Published: 10 November 2014
Polar underwater lab to study seafloor acidification
Scientists will simulate a future ocean floor under the sea ice off the Australian Antarctic station at Casey this summer to observe the potential impact of ocean acidification on seafloor communities.
A diver tests one of the chambers in the cold waters of Tasmania before deployment in Antarctica
Credit: Jonny Stark
Ocean acidification is caused by increasing amounts of atmospheric carbon dioxide (CO2) dissolving into seawater. Dissolved CO2 causes the pH of the seawater to drop and become more acidic. This affects the ability of some marine organisms, including corals and bivalves, to form shells and other hard structures.
The Southern Ocean absorbs 40 per cent of the global ocean uptake of CO2 as cold water is able to absorb more CO2 than warmer water. As a result, polar waters are acidifying at twice the rate of tropical waters.
Over the past 300 million years ocean acidity, measured by its pH, has been slightly basic, and averaged about 8.2 (a pH of 7 is neutral). Current atmospheric CO2 concentrations are about 416 parts per million (ppm), while ocean pH has dropped to 8.1 since pre-industrial times – a 25 per cent increase in acidity over two centuries. By 2100, under business as usual emissions, atmospheric CO2 is predicted to be about 936 ppm and ocean pH 7.8.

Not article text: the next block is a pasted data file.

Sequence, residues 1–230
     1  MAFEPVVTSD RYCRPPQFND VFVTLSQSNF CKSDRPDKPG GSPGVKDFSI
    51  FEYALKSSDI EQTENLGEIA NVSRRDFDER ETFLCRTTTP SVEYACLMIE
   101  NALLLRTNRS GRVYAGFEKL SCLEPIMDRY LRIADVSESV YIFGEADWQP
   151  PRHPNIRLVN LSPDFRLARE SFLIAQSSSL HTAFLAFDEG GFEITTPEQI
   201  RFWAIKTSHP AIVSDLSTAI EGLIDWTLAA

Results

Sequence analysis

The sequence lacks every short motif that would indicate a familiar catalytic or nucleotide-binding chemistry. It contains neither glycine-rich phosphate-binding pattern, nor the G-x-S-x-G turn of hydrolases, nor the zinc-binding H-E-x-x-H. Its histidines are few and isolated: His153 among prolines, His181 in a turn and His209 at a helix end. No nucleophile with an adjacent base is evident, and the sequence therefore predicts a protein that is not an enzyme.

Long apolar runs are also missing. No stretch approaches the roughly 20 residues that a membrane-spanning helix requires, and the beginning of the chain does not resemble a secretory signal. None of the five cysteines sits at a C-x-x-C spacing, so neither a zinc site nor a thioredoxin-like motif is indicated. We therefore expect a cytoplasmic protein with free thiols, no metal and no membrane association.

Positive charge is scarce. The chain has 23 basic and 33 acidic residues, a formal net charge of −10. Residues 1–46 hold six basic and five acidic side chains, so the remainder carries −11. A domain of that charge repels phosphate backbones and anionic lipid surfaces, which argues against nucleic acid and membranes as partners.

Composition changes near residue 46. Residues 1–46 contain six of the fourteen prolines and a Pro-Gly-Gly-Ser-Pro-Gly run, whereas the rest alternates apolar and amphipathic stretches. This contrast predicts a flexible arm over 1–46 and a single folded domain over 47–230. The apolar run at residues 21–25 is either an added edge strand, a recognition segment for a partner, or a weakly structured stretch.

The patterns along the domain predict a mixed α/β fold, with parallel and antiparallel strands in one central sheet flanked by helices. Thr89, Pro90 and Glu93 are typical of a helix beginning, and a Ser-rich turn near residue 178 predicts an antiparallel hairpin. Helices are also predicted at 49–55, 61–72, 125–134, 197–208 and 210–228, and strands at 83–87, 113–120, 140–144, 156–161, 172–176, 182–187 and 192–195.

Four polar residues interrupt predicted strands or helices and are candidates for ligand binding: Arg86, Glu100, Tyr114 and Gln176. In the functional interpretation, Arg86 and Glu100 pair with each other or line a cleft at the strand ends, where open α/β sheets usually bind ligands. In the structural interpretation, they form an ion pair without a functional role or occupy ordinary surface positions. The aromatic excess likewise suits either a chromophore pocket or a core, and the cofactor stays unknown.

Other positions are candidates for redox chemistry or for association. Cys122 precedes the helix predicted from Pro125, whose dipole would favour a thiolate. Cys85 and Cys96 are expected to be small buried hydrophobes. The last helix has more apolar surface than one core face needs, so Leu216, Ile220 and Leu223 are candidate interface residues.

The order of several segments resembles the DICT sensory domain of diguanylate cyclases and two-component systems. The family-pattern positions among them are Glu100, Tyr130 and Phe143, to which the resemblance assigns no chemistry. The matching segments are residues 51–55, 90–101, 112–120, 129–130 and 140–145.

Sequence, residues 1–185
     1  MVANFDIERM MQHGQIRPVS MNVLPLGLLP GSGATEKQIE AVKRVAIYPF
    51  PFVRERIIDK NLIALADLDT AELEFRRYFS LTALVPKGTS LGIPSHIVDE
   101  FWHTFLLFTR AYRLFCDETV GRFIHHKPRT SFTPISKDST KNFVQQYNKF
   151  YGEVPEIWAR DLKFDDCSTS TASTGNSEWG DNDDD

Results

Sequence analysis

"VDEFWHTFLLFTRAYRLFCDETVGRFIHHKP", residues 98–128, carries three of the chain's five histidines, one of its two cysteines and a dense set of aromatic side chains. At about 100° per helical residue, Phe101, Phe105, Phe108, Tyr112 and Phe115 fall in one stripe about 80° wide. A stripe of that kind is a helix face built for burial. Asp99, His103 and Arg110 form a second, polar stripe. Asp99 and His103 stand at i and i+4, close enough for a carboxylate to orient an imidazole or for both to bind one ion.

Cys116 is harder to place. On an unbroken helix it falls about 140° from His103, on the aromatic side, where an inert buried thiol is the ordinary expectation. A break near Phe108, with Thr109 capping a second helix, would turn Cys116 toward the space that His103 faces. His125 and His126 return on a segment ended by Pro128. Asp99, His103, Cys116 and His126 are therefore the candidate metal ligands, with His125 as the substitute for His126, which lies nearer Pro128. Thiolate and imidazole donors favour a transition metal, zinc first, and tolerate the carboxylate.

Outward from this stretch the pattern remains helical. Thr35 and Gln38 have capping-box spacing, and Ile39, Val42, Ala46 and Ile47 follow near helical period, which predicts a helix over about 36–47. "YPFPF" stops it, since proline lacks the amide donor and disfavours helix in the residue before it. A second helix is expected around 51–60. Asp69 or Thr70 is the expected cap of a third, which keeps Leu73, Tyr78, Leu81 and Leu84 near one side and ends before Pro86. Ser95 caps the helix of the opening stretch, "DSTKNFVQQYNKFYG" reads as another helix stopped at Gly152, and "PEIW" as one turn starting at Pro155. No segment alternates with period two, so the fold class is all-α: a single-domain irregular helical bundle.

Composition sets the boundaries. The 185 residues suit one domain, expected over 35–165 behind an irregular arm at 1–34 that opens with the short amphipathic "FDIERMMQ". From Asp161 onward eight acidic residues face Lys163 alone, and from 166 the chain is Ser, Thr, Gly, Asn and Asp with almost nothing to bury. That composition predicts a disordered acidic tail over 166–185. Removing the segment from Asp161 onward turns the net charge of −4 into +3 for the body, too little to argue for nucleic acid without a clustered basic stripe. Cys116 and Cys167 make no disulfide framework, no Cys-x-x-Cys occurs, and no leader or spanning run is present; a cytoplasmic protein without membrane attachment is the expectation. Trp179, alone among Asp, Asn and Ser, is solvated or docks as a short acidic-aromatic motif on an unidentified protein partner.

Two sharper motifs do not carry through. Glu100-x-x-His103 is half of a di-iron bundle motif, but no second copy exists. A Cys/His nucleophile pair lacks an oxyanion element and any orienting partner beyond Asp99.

To test the effects of this increasing acidity, four semi-enclosed chambers are being deployed 10 to 20 m beneath the Antarctic sea ice off Casey between November 2014 and March 2015 as part of the Antarctic Free Ocean Carbon Enrichment experiment.
A team of scientists, divers, technicians and engineers will increase CO2 concentrations in the water within two of the chambers. This will decrease the pH of the water by 0.4 pH units, without changing light or nutrient concentrations.
A further two chambers will be used as controls to track natural fluctuations in pH in the surrounding water. This will allow the team to compare the response of benthic (ocean floor) communities exposed to current seawater pH levels, and the more acidic pH levels predicted under future CO2 emission scenarios.
Researchers will measure parameters such as:
changes in benthic invertebrate community biodiversity and composition
seawater carbonate chemistry
nutrient cycling and animal-driven turbidity in sediment
changes in communities of bacteria, diatoms (single celled marine plants) and sediment meiofauna (very tiny marine animals)
Ocean acidification disrupts the formation of calcium carbonate (CaCO3), which is a major structural component of shells and similar hard structures made by some marine organisms, including phytoplankton and coral. It also affects the metabolic and physiological processes inside organisms including development, growth, reproduction and respiration.
The Casey research will assist governments, scientists, modellers and society to understand the emerging impacts of ocean acidification on marine ecosystems and to ensure that the most relevant information underpins decisions to manage the threat.
Source: Australian Antarctic Division